Steve Pomeranz: You do?
Terry Story: I do, but what I see is a lot of—it’s just, so you’re an older seller and you want to move on with your life, you go and you find out, okay, my house is worth x, I want to pull out the equity and buy something else.
Steve Pomeranz: Yeah.
Terry Story: Well, that’s great. Then you go to look to see what else you can buy and you realize—wow! There is not much inventory out there. So I’m just going to sit put and stay where I’m at. And the other interesting factor—depending on the state that you’re in—if you’ve been in your home for kazillion years, you’re paying very low taxes right?
So now you go to buy a new house which is worth a lot less than the home you’re currently owning. But because you’re new buying it 20 years later, you’re actually going to be paying more in taxes.
Steve Pomeranz: And this would be out of state because the homestead exemption would stay with you.
Terry Story: Well, no, it transfers over with you. But because you’re buying a new property-
Steve Pomeranz: It’s reset.
Terry Story: It resets. For example, you have a $1 million home, and you’re going to buy a $500,000 home. Your $1 million, you’re paying 8,000 in taxes because you’ve owned it for 25 years. Now you buy that $500,000 home and it’s now 10,000.
Steve Pomeranz: Yeah, so you’re not saving in taxes as you hoped you would.
Terry Story: Correct, you’re pulling your equity out which is good.
Steve Pomeranz: No, I get it, I get it. So it’s a conundrum and it’s what slows the market. There’s just a big bottleneck here.
Terry Story: That’s right.
Steve Pomeranz: Yeah, and that’s the issue. Now you could go out of state where taxes are lower and find a beautiful place.
Terry Story: In the center of the country.
Steve Pomeranz: Yeah, in the center of the country right or west, or whatever. There is lots of land still out there. But the bottom line is it’s a difficult thing as you get older. Really, let’s say you lived Boca Raton your whole life, To move to Virginia or some other place and start over, that’s a tough thing for many people to do.
Terry Story: Absolutely.
Steve Pomeranz: All right, so let’s move on. Here is an interesting one, I thought. That equity-rich properties are hitting what they call a tipping point. But this word equity-rich, I have not heard that term before. What is that?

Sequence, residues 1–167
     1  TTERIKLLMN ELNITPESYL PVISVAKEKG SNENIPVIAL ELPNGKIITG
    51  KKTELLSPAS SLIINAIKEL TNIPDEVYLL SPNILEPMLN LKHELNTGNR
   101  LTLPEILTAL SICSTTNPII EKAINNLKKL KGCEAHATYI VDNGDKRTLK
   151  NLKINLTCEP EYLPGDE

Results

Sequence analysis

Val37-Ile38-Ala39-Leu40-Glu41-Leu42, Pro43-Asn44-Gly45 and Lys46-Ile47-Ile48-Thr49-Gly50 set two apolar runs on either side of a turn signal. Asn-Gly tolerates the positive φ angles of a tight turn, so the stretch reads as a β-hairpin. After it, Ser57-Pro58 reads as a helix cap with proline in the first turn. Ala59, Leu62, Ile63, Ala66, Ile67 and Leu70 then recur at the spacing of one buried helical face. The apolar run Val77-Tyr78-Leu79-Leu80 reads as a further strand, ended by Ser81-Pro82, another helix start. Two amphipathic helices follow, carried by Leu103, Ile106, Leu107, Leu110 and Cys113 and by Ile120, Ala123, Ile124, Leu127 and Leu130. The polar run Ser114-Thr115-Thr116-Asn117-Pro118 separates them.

Terry Story: What it means is that you have 50% equity in your home.
Steve Pomeranz: Okay.
Terry Story: And actually, I mean that’s great. I’m glad to see that there’s that much equity out there. Because remember when we were in the crisis there was no equity. So the equity-rich scenario is getting stronger throughout the country and what does that mean? Well, now we have more refis.
Steve Pomeranz: We’ll talk about that in a minute, let’s get some numbers here. There are 14 million equity-rich properties in the United States. The highest share of them were in Hawaii at 42%, California at about 42%, New York 35%, Washington 33%, and Oregon 32%. Now that’s the percentage of homes in those places that have 50% or more equity in it. That’s a very healthy situation for the US economy, and for us as individuals.
Terry Story: Absolutely, they just had great appreciation, that’s what it really means.
Steve Pomeranz: Well, yeah, and they’ve been slowly paying down their mortgages.
Terry Story: Right.
Steve Pomeranz: Right, I mean, if we go back to 2008, we’re talking about ten years. A pay down of your mortgage and plus you’ve seen good capital appreciation, the two work together. And that’s the way it’s really supposed to work. And that’s how a typical person succeeds in their finances if they can get these ratios to work out in their favor.
Terry Story: That’s right, and then eventually have the house paid off.
Steve Pomeranz: That would be a good thing too. Now if there’s another recession and housing prices go down, yeah, you’re losing some, but you got this big cushion in there now.
Terry Story: That’s right.
Steve Pomeranz: And that’s a beautiful thing, that’s what we’re looking for. So that’s what interested me about this. Now a lot of equity-rich homes in Hawaii, I don’t know does that account for the lava flow? [LAUGH] I hope not. All right, let’s move on we only have a couple of minutes left. Tips to avoid an appraisal that comes in too low.
Terry Story: Yeah, we are starting to see a lot of that. Avoid the bidding wars. So what happens, Steve, and actually, I have the situation right now. Price did fairly well, multiple offers, people want the house. They know that the offer, if there’s a mortgage that’s contingent on an appraisal. So they’re like, what the heck, we’ll offer 10,000 over-, we have nothing to lose.
It has to appraise, right? Well, no, it doesn’t really have to appraise. It has to appraise in order for the buyer to get a mortgage. But in order to put the deal together there’s nothing that says that the buyer can’t come up with the shortage or that the seller won’t agree with a buyer to a negotiated price, right? So to avoid them, just know that if you want the house, remove that contingency. Now I actually got an offer today, and the person wants the house so bad he’s paying over-asking, and he’s removing that contingency.
Steve Pomeranz: What contingency are you talking about?
Terry Story: That would be the appraisal portion of the contingency.
When you apply for a mortgage, there’s two parts. You as the buyer and the property have to both be approved in order for the bank to do the loan.
Steve Pomeranz: So, again, if you are in a bidding war, you win, then it gets appraised. There is a strong possibility that it will appraise less than.
And what?…the bank will give you financing, but only so much? Who’s going to make up the difference?
Terry Story: That’s right.
Steve Pomeranz: You are or you’re going to have to negotiate with the seller.
Terry Story: Correct. So if you’re in a bidding war, and this situation arises, deal with it up front.
Steve Pomeranz: Right, very good advice, Terry Story. Terry is with us today as she is with us every single week. She is a 29-year veteran with Keller Williams located in Boca Raton, and she can be found at terrystory.com. Thanks, Terry.
Terry Story: Thanks for having me, Steve.